- Young people are more likely to find it difficult working from home, while the majority of Britons in work aren’t
- Lack of suitable work space, missing co-workers and technology most common causes of struggles with working from home
Over a third of those currently employed are now working from home, including half of those who normally worked in an office before lockdown. In a new survey by Ipsos MORI, 6 in 10 (59%) of those now working mainly from home say it is not a challenge, while 40% admit to struggling at least a fair amount.
However, this varies according to age. Those aged between 18-34 are most likely to find working from home a challenge, just over half of this age group say they are finding their current working situation challenging (52%), while only around a third of other age groups say the same (35% of 35-54s and 31% of 55-75s).
The most common reason for those struggling to work from is the lack of suitable workspace available, 2 in 5 (38%) of those struggling cite this as a key cause of the challenge, while a further 36% say they miss meeting and working in person with their colleagues. Those aged 55-75 are significantly more likely to say they miss their colleagues; 55% say this is a reason they struggle with working from home, compared to a third of other age groups (33% of 18-34s and 34% of 35-54s). Over a quarter (27%) are finding it hard to collaborate with their co-workers while working from home. More than a third of those currently working from home say they are having difficulty maintaining a work-life balance (36%).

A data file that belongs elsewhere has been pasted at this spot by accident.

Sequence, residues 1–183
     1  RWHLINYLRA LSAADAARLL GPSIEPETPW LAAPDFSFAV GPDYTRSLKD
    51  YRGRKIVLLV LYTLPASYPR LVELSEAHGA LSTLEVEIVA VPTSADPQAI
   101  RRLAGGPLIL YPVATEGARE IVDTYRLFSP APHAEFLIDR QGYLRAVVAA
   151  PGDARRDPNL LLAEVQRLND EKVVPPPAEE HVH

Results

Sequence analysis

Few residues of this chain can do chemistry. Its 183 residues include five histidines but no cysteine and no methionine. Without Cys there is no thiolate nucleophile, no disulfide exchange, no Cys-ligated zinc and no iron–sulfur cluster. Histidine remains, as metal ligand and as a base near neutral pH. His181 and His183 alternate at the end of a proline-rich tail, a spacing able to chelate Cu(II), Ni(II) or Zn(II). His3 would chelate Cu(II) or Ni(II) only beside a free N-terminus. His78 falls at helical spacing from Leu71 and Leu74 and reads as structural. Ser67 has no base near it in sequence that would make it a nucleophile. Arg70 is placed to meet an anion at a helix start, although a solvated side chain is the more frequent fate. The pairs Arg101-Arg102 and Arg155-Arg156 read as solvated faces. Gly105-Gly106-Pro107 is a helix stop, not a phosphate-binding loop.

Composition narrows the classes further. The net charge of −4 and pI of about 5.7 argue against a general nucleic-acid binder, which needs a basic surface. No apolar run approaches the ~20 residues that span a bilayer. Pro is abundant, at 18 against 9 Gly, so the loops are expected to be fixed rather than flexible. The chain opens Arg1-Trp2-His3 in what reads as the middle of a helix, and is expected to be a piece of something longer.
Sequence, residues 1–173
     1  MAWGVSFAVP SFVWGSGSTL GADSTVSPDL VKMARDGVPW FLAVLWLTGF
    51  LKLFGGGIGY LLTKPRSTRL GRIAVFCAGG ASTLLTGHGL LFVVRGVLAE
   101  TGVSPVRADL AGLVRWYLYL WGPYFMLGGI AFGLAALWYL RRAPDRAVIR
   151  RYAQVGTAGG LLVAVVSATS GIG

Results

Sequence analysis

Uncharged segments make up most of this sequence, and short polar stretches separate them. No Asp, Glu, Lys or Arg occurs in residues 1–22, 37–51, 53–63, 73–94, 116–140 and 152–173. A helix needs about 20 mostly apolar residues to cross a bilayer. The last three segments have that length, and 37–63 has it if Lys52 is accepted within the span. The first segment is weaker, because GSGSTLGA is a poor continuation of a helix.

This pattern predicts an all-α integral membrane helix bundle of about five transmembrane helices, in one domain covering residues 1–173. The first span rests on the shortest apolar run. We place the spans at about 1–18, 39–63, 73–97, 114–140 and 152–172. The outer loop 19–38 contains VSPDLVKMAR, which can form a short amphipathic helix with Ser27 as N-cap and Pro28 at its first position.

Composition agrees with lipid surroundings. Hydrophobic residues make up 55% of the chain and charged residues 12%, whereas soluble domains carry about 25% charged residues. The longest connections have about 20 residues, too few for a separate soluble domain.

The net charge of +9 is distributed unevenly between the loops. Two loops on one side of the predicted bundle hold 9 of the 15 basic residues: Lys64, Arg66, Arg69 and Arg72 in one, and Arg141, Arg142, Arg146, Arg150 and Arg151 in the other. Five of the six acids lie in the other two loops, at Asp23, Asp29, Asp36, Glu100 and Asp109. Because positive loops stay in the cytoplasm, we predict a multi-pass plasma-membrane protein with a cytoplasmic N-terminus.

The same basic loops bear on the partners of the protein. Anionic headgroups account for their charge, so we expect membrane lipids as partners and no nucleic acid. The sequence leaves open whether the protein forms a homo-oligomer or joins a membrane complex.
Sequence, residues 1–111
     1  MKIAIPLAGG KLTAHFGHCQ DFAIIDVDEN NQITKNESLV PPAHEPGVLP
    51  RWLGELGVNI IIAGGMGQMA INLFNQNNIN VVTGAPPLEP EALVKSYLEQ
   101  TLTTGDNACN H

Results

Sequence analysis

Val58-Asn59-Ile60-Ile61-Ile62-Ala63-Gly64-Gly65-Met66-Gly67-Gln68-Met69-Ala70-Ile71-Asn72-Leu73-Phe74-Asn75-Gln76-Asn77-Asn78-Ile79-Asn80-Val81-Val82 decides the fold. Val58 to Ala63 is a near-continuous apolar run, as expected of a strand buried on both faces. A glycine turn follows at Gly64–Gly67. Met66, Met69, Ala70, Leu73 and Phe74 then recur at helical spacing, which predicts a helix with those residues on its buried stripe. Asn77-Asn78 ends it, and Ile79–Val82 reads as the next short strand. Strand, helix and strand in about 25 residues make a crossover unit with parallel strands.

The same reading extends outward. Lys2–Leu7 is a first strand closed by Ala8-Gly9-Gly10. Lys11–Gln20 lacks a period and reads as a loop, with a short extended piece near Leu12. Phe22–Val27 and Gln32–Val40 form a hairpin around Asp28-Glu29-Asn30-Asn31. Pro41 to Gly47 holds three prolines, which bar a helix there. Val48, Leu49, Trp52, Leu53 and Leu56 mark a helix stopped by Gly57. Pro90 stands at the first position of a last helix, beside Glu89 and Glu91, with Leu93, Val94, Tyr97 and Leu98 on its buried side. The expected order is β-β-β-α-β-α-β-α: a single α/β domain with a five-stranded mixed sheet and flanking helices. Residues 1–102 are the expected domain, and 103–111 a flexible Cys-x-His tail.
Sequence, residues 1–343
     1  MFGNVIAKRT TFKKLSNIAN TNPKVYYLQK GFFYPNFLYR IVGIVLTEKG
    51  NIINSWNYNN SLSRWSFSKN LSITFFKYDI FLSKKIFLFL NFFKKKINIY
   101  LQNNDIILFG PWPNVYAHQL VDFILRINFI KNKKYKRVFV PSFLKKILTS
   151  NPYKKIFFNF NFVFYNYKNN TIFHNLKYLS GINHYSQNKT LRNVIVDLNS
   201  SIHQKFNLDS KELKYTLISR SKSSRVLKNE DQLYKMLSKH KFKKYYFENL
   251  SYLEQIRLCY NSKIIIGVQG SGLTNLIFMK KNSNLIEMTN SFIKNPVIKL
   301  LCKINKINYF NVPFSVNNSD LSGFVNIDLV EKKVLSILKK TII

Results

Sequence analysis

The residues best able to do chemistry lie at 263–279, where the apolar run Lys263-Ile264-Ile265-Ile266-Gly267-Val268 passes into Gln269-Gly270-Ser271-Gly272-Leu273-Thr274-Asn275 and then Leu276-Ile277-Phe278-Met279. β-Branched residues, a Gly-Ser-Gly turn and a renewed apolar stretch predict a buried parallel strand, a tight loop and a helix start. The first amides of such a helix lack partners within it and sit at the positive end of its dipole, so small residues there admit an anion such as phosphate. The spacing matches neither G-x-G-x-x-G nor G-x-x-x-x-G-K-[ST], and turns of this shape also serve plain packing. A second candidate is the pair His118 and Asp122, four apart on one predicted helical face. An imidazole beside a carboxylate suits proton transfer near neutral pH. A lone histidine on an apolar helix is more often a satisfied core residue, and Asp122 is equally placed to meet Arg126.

Other key reasons include unreliability and/ or lack of technology/ equipment (28% and 27% respectively), the other people in their home environment (24%) and childcare responsibilities (22%).
Kelly Beaver, Managing Director of Ipsos MORI said:
As companies start looking to return to their offices to some degree our latest research shows that the best way to encourage people to return is emphasising the more collaborative atmosphere of working physically alongside colleagues as well as making it easier, particularly for younger workers, in having a properly set up space to work from.
- Ipsos MORI interviewed a representative sample of 2104 adults in Great Britain aged 18+. Interviews were conducted online from 12th- 16th August 2020. Data are weighted to match the profile of the population. All polls are subject to a wide range of potential sources of error.